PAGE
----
WRESTLING WITH THE SYSTEM
BY JANET ALLEN, EXECUTIVE ARTISTIC DIRECTOR
We are delighted to introduce the force that is Dominique Morisseau to our Indiana audiences with this production of Pipeline. A native of Detroit, Ms. Morisseau has enriched our American dramatic literature landscape with a dozen wide-ranging plays that refract the American race experience with a sharp and insightful voice. When I saw Pipeline at Lincoln Center in the summer of 2017, I was literally breathless with the strength of the narrative, the clarion cry of the characters, and above all, the impact of the story itself. Her ability to capture so many pulsing human intersections in a swift 90 minutes without ever getting polemic was so vivid and timely that I couldn’t wait to make a production of this play for our Indiana audiences. The way she has created this piece of theatre makes it very hard to turn away, certainly harder than turning off the television or moving to another less disturbing news story on your feed. Her art causes the content—content we all share responsibility for—to make us wrestle with, and potentially question, our own assumptions about race and education.
What Morisseau does in this play is land the audience in the middle of some of America’s most important issues about young people, particularly young people of color: how do we educate them, how do we care for them, how do we protect them, how do we prepare them? Even these questions point to one of the problems the play identifies: in trying to create systems that will help children thrive, we reduce them to a population, a cohort, a group to be dealt with, rather than a unique set of individuals, each with his or her own unique challenges. The student in this play, Omari, is entirely himself, not just a construct of his time, his generation, his color, his economic status, his family background. And yet how often do we reduce children to statistics, to data points about graduation rates, test scores, college entrance access? Parents and teachers of all socio-economic positions and races battle with these concerns daily, trying to do the best they can for their students in a system that seems rigged for failure. These are some of the primal questions Morisseau raises in this breathtaking play.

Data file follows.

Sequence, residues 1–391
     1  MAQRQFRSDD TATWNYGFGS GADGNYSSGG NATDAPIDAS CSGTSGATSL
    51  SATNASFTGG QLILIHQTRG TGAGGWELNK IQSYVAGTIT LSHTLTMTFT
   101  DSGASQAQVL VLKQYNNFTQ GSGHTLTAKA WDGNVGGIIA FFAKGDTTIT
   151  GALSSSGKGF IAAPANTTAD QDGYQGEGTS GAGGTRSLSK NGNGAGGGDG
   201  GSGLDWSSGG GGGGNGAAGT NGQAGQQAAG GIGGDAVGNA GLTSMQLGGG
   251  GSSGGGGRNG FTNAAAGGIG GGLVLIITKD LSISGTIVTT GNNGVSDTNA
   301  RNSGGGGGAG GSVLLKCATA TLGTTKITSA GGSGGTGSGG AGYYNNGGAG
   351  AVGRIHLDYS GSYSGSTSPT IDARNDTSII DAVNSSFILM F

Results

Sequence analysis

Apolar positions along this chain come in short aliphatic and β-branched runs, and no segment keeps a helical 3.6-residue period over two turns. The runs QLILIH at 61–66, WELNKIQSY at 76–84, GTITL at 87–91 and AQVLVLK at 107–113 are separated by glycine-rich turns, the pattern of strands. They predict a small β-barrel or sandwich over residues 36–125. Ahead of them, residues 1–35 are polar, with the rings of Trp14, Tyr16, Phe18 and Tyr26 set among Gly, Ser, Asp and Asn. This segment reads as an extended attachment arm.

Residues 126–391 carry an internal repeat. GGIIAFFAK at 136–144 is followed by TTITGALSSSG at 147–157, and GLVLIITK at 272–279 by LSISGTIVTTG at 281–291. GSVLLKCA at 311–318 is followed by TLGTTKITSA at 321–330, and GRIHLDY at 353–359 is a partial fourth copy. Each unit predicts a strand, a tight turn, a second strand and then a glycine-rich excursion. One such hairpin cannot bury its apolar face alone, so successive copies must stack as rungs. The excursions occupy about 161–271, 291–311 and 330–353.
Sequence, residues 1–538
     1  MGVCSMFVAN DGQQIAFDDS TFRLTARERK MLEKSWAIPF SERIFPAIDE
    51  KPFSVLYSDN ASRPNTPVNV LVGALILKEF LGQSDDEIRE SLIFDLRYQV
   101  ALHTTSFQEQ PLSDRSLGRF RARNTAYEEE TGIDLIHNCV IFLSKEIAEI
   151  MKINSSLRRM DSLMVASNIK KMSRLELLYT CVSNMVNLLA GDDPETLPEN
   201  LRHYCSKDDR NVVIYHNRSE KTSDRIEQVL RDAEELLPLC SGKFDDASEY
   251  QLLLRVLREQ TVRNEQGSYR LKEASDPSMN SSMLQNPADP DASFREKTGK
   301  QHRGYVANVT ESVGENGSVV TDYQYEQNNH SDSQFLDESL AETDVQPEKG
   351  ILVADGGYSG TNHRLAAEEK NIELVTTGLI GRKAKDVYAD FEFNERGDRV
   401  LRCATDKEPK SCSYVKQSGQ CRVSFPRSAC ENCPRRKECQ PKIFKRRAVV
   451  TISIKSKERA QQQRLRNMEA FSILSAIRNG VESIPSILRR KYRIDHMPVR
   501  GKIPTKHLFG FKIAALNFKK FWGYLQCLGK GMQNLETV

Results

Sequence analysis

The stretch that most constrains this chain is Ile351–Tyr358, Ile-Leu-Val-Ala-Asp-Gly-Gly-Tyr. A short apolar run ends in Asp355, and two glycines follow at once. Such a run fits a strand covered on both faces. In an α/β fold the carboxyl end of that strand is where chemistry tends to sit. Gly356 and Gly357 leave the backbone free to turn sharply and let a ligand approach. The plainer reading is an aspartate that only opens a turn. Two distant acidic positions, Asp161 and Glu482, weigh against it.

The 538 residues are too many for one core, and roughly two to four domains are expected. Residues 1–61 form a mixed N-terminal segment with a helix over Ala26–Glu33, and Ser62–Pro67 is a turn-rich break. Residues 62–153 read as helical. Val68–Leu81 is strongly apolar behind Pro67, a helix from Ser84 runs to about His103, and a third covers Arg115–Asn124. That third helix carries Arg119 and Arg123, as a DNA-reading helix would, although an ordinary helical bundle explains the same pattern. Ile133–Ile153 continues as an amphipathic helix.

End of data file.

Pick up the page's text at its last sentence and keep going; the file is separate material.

It isn’t often that a play comes along with such a superb blend of craft and social content, a blend that impacts and informs us while staying true to itself and its art. And yet the layers of social issues that the play touches and enlightens are extraordinary: not only about education, but about friendship, about love, about economic class, about race, about institutions, about aging, about economic mobility, about family—the list could go on and on. What I hope above all is that we can’t stop thinking about it and talking about it, that the play penetrates our thinking and our emotional lives as no news story can, and that it helps us see, with greater clarity, how we are each a part of the social fabric that has such negative impact on this unique child.
To learn more about Pipeline and purchase tickets, please click here.
The IRT produces top-quality, professional theatre that engages, surprises, challenges and entertains people throughout their lifetimes, helping to build a vital and vibrant community.
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